Editorial: Disconnect growing between theory and practice
Posted on 19 April, 2015 by James Mawson, editor-in-chief
The funding of development and change through venture and other financial securities could become the lightning rod that highlights this gap between rhetoric and practice.
Reality and theory can make for awkward bedfellows.
While organisations as diverse as the World Bank or search engine provider hold a maxim of “do no harm” to people or the environment or “do no evil”, respectively, change can bring displacement to some and opportunity to others.
In tax and regulation, societies sometimes try and hold to a progressive principle that those who can afford to pay more should do so to help those less-advantaged.
But as two articles this month show, it can be hard to action.
A great investigation by the International Consortium of Investigative Journalists (a project of the Center for Public Integrity), Huffington Post and other media partners found the World Bank’s projects had since 2004 physically or economically displaced an estimated 3.4 million people, forcing them from their homes, taking their land or damaging their livelihoods. The investigation found “systemic gaps” in the institution’s protections for displaced families and the bank acknowledged that its oversight has been poor, and promised reforms.
While these development projects are often funded in part by loans from the bank, it and its private investment member, International Finance Corporation (IFC), have supported emerging industries through venture capital. In Kenya, the World Bank has supported the opening of Kenya Climate Innovation Centre‘s (KCIC) to aid crowdfunding in six green startups - Wanda Organic, Global Supply Solutions, iCoal Concepts, Skynotch Energy Africa,Develatech, and the Human Needs Project.
The IFC this month has led a $23m second tranche of funding for Planet Labs, a US-based satellite imaging company, to close its series D round at $118m. The IFC was unavailable to comment on its investment in Planet Labs, which now has more than 100 satellites in a network providing updated images of the earth.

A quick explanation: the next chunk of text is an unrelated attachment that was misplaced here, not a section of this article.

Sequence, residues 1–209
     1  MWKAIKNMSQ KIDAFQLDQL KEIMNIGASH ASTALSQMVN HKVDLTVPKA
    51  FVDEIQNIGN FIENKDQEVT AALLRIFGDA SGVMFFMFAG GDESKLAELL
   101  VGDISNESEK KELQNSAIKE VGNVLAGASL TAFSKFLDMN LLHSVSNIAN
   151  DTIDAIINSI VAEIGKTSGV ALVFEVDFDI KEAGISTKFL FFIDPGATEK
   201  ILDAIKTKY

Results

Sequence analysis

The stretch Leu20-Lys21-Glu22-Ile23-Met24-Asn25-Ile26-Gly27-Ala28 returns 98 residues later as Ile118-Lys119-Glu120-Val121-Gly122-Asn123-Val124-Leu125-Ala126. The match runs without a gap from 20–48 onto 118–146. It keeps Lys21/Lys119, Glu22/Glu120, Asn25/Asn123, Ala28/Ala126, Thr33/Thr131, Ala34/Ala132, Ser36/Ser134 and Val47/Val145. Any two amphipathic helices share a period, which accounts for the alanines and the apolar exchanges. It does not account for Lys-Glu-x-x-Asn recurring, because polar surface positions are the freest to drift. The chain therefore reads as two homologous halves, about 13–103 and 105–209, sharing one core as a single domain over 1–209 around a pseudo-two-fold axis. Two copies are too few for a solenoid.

Better and more frequent images from space could help show more clearly and failures in the policies regarding displaced people. This could help solve what the investigation found was the bank “frequently has no idea what happens to people after they are removed”. However, it will do little to help if the culture remains one that “neglects to properly review projects ahead of time to make sure communities are protected” or shows “no intent on the part of the bank’s management to enforce” penalties if governments fail in their duty of care.
This joining up of ability and intention remains a source of concern about government activity in regulating or supporting venture capital.
Last week in a thoughtful article for news provider PEhub, Eileen Appelbaum, senior economist at the US-based Center for Economic and Policy Research, said private equity (PE) firm partners were illegally converting the ordinary income they receive from their fixed management fees into additional capital gains.
By email afterwards, Appelbaum said this issue exists outside of the US as well, such as in the UK, where the tax authority HM Revenue & Customs published a Technical Note on 29 March 2015 “making it clear that this was an unlawful conversion of ordinary income to capital gains”.
She added by email that while this tactic “is most common among private equity funds,” it could “arise in other situations where there is a GP/LP [general partner/limited partner] relationship” between fund manager and their investors, such as venture capital funds.
She concluded: “PE fund managers are able to structure these management fee waivers so that there is virtually no chance they will not collect priority profit income equal to the fee. This would be much more difficult for a VC fund.”
Governments want to encourage VCs to invest and encourage job creation and economic growth but using taxpayers’ money to effectively support an industry that tries in turn to minimise its tax bill and in the words of one industry leader “pay less tax than its cleaners” is fraught with political sensitivity.
As we head into the next round of UK and then US elections this could become an issue to watch. But few predict meaningful change. Previous attempts to encourage changes to tax policies, such as equalising debt and equity treatment or the taxation of capital gains versus income, have received short shrift over the past 30 years in most countries.
But if a disconnect between theory or mission statement and practice remains too wide then change can be forced through and be more radical. The funding of development and change through venture and other financial securities could become the lightning rod that highlights this gap between rhetoric and practice.
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